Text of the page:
When The Ottawa Hospital (TOH) experienced a Code Orange — a mass casualty event — following the Westboro Station bus crash in January 2019, staff didn’t panic. They were well prepared despite tragedies like this one being rare.
That’s because the hospital’s staff regularly simulate life-or-death emergencies where coordination is key and lost seconds can mean everything.
Fortunately, The University of Ottawa’s Skills and Simulation Centre at The Ottawa Hospital’s Civic Campus had conducted a Code Orange training session just weeks before the devastating crash north of Scott Street.
This training helped save lives. In fact, these education sessions happened thanks to previous support from RBC Foundation.
A $2.25M investment in training and wellness
Such complex and involved training requires ongoing funding, and a recent $2.25M investment by RBC Foundation to The Ottawa Hospital Foundation (TOHF) will ensure staff can continue keeping their skills sharp.
The Centre provides enhanced learning and skill development to train staff for emergencies, resulting in better preparation along with improved job satisfaction, career advancement opportunities, and reduced staff turnover.
But the gift will do more than fund the hospital’s simulation training. It will also help expand a series of innovative wellness initiatives at the hospital. This all helps drive recruitment and increases staff retention.
“Giving back to community is part of our DNA. This investment builds on RBC’s national focus on upskilling and supporting the wellness of health care professionals – especially those early in their careers. This will ultimately improve patient care for all of us and for our loved ones,” explains Marjolaine Hudon, RBC Regional president for Ontario North and East.
Corporate philanthropy vital
The Foundation’s president and CEO Tim Kluke says corporate support like that of RBC, as well as others like Deloitte Canada and Gabriel Pizza, has helped TOH become one of Canada’s largest teaching and research healthcare institutions. And it’s setting the stage for the future.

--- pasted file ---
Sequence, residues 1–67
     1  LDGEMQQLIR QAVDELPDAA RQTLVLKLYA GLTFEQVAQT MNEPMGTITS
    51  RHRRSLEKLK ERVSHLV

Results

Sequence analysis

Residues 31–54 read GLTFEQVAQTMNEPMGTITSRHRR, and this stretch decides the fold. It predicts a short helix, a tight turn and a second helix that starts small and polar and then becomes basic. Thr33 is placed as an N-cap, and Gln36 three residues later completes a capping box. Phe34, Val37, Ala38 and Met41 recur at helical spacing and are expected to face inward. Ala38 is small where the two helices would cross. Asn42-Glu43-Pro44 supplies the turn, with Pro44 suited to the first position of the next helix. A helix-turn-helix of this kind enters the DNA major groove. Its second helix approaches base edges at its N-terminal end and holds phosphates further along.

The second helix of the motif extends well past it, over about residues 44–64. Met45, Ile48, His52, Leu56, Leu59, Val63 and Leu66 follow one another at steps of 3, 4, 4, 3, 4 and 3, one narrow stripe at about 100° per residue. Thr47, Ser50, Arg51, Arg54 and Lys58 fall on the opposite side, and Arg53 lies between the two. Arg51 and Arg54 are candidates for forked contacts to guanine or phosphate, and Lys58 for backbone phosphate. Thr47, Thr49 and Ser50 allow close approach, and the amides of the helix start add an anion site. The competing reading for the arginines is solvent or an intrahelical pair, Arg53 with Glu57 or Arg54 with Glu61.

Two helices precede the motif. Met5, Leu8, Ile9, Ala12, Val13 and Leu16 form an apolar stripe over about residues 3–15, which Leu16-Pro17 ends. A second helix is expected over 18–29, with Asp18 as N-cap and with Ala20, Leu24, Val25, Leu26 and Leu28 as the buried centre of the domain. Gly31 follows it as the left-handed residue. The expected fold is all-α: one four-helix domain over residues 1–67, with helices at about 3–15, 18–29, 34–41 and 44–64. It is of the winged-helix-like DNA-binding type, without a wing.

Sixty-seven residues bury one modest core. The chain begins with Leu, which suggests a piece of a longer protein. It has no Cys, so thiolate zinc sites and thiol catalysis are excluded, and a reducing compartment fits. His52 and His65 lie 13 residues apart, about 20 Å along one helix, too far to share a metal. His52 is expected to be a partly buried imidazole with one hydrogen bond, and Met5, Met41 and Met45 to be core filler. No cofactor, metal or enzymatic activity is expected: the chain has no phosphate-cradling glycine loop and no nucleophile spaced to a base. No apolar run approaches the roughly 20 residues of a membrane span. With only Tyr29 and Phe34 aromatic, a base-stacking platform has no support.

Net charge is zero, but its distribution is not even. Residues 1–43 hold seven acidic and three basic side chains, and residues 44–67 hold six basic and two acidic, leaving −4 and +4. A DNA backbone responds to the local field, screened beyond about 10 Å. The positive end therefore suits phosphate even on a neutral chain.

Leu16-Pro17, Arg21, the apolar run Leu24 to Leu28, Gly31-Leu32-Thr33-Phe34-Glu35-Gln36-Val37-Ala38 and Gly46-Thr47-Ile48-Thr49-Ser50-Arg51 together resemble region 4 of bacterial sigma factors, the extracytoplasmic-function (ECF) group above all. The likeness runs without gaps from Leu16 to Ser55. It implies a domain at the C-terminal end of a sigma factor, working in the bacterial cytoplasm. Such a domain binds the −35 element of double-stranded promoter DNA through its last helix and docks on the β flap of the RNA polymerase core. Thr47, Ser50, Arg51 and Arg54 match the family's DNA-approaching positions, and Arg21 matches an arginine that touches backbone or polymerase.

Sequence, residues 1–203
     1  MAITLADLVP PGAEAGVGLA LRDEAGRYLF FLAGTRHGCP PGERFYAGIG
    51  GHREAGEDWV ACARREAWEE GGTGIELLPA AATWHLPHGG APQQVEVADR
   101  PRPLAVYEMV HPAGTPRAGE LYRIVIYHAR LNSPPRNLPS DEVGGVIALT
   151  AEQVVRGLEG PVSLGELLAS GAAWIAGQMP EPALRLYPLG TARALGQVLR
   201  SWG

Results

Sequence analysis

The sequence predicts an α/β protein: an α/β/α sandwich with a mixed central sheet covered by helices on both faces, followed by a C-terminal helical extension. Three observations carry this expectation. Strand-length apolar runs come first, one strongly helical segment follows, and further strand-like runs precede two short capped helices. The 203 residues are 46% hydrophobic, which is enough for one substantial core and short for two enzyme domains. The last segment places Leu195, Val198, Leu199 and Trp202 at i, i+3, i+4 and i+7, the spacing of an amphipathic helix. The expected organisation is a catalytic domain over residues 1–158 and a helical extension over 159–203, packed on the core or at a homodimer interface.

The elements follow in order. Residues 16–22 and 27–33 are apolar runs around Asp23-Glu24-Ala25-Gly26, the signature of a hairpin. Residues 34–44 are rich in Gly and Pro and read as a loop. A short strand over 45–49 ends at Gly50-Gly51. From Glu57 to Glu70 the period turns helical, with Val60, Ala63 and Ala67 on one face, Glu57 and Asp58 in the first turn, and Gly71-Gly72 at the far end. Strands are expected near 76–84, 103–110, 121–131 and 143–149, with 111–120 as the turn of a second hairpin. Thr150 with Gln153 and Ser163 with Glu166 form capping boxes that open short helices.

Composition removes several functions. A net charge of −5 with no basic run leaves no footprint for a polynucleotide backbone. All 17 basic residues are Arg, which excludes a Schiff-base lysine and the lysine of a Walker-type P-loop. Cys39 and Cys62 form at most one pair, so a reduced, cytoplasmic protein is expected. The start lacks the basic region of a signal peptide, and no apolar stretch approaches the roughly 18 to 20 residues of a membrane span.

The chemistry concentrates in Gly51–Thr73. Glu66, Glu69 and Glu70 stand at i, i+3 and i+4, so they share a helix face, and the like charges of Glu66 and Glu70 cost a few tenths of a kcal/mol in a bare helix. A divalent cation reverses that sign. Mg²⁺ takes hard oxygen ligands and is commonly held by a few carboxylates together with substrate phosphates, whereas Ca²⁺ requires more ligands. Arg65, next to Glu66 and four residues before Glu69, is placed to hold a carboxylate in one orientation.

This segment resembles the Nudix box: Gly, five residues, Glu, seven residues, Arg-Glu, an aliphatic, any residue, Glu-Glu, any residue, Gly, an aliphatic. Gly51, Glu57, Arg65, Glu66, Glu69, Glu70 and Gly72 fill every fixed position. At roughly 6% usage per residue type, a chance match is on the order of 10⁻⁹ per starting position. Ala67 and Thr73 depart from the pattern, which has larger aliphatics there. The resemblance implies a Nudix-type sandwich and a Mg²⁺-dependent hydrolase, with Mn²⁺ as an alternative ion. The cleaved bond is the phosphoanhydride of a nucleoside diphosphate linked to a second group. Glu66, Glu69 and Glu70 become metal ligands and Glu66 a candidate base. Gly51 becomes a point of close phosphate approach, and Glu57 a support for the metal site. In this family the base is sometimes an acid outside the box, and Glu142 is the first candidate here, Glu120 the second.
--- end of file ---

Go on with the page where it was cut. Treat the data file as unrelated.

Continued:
“We are very fortunate at The Ottawa Hospital — we’ve had an incredible partnership for many years with RBC,” adds Kluke. “This gift is part of a critical investment in our community. We’re changing the healthcare landscape.”
This kind of corporate support is helping fuel The Ottawa Hospital Foundation’s Campaign to Create Tomorrow — which aims to raise $500 million for what will become one of Canada’s most modern, technologically advanced and accessible academic research hospitals.
Hudon says this most recent gift by RBC Foundation — the largest gift ever by a financial institution to TOH — continues the organization’s culture of corporate giving. RBC donates a minimum of one per cent of the company’s pre-tax profits to the community each year via RBC Foundation, and regularly measures the effectiveness of its donations.
“Giving back to community is part of our corporate social responsibility,” she explains, adding that the company donates around $140 million every year to charitable causes in Canada — with around $3 million each year directed to local Ottawa initiatives.
Hudon says this year’s gift was especially important due to the significance of the Campaign to Create Tomorrow and the impact it will have on the community.
The combination of having such a cutting-edge facility with programs to help build health-care resiliency and staff retention is a win-win for the city, adds Hudon.
“Having a leading facility that facilitates applied research is critical to what Canada’s fourth largest city deserves. There are huge economic benefits, and it will help attract and retain talented healthcare professionals, which we all benefit from.”